What Kind of Pump Do I Need for a Small Fish Pond?

Needs differ between ponds that contain fish, which actively produce waste that is high in nitrogen, and ponds that contain only plants. A pump helps to keep water clear and full of oxygen, and it is necessary for a pond that has more than one or two goldfish, even if it has many plants. Buy the smallest pump you can for your small fish pond’s needs, taking into account whether or not the pump has filtration capabilities and its likelihood of damaging fish.

beneficial bacteria

Continuous-Duty Model

Although a water garden or pond without fish can subsist well with a pump that runs intermittently, a pond with fish requires a continuous-duty pump. That pump should be designed specifically to run continuously. Other kinds of pumps may burn out after a short period, such as a few months. Use a pump powerful enough to recirculate your pond’s entire water contents every two hours.


Two main kinds of pumps exist: those that are mounted outside a pond and those that work underneath the pond water. Although the kind for under the water is more subtle and leads to a prettier effect because it isn’t visible, it is safer to use a pump that mounts above ground, outside the pond, for a fish pond. Its use avoids possible injury to fish, the delicate parts of which may be sucked into the intake portions of a pump that is in the pond water. Usually, a pump mounted outside of the pond water has piping outside the pond as well.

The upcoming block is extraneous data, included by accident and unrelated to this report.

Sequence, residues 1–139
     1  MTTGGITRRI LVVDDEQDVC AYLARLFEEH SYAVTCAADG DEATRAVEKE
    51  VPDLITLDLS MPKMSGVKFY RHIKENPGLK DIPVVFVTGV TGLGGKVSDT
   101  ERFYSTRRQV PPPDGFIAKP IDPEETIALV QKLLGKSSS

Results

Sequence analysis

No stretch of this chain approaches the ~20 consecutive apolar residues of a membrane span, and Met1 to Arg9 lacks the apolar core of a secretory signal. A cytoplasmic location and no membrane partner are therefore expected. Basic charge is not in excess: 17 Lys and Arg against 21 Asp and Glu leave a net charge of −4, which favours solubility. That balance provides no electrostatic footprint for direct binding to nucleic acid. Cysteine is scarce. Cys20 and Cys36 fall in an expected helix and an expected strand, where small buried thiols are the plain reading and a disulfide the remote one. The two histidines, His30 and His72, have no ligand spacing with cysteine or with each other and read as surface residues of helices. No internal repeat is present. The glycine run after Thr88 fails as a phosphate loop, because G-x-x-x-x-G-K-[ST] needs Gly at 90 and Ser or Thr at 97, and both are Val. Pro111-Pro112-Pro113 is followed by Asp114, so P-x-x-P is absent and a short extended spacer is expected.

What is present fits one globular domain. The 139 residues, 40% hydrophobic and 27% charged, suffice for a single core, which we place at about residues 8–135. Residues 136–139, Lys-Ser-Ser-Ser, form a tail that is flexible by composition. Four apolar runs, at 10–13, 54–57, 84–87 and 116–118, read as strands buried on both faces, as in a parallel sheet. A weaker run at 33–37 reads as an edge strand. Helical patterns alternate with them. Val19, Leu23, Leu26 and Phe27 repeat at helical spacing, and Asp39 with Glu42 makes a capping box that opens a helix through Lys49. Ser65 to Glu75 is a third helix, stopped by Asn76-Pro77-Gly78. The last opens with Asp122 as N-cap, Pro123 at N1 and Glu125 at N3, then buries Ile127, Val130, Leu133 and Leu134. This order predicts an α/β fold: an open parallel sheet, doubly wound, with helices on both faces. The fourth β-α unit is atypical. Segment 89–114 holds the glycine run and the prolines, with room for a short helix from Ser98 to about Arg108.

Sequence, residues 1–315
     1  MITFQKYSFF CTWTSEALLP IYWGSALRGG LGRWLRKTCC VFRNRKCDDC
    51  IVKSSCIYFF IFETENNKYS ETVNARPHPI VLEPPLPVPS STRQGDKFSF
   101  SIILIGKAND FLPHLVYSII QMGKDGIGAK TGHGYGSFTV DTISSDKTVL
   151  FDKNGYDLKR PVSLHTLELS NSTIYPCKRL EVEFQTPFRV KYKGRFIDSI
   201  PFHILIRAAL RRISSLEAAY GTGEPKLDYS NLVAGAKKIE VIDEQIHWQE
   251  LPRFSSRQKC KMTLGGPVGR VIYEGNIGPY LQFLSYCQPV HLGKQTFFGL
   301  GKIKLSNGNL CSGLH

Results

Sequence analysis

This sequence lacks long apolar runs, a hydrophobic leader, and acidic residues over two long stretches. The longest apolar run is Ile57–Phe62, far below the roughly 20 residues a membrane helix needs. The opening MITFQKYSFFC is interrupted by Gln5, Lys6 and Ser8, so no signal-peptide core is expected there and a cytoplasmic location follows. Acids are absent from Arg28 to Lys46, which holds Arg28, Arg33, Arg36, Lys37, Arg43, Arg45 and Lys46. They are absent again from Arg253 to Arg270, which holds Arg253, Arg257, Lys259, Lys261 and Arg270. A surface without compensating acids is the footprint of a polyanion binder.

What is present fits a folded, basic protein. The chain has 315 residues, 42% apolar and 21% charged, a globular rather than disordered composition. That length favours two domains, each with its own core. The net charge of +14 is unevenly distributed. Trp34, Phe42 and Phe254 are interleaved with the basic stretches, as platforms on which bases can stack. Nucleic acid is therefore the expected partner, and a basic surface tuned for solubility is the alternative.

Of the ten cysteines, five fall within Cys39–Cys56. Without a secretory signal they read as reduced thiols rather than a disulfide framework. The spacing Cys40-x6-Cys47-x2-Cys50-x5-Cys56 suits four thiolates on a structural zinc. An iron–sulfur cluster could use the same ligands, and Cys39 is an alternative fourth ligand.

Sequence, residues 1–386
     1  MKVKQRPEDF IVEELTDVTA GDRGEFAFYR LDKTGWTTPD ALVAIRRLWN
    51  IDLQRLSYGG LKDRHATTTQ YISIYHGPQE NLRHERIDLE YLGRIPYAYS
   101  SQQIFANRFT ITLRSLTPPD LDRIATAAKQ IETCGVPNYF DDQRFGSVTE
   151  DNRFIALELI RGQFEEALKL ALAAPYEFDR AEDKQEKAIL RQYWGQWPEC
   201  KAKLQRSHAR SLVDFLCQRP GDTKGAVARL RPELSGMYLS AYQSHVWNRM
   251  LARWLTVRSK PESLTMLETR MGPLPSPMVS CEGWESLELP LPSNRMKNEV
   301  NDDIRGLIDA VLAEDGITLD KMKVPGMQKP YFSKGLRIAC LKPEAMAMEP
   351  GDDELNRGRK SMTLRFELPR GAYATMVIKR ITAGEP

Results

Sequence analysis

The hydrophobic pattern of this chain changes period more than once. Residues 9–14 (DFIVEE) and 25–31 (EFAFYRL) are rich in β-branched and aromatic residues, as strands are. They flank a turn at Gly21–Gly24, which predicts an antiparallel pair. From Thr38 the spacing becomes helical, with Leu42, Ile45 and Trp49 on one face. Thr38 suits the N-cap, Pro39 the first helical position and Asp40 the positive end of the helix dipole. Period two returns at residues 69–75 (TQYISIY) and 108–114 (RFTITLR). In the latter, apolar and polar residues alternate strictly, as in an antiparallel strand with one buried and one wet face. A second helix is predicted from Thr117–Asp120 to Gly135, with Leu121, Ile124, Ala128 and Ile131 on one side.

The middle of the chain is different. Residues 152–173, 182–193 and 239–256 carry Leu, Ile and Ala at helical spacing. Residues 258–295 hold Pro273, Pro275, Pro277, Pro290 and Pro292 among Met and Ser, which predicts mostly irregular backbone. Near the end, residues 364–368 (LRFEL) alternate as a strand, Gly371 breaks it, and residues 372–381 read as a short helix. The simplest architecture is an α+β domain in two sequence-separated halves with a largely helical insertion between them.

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Filtration System

Pumps don’t necessarily include filtration systems. Many types just circulate the water in order to keep oxygen levels up and to provide the pleasing sound that many homeowners associate with ponds. Fish waste is high in ammonia, however; when it builds up, it can harm fish. Using a pump with a filtration system is wise, especially if your small fish pond tends to turn mucky quickly. A filter, though, can be installed separately from a pump.

Energy Efficiency

Energy efficiency is an important factor when choosing a pump for a pond with fish in it. Because the pond’s pump must run continuously, using a high-wattage pump can quickly run up your energy bill. So choose a pump with the lowest wattage that can still handle your pond’s amount of water. Take into account whether you need the pump to power extra elements such as waterfalls. Using a pump that combines filter and water circulation can decrease your energy costs compared to using a pump and filter that are separate devices.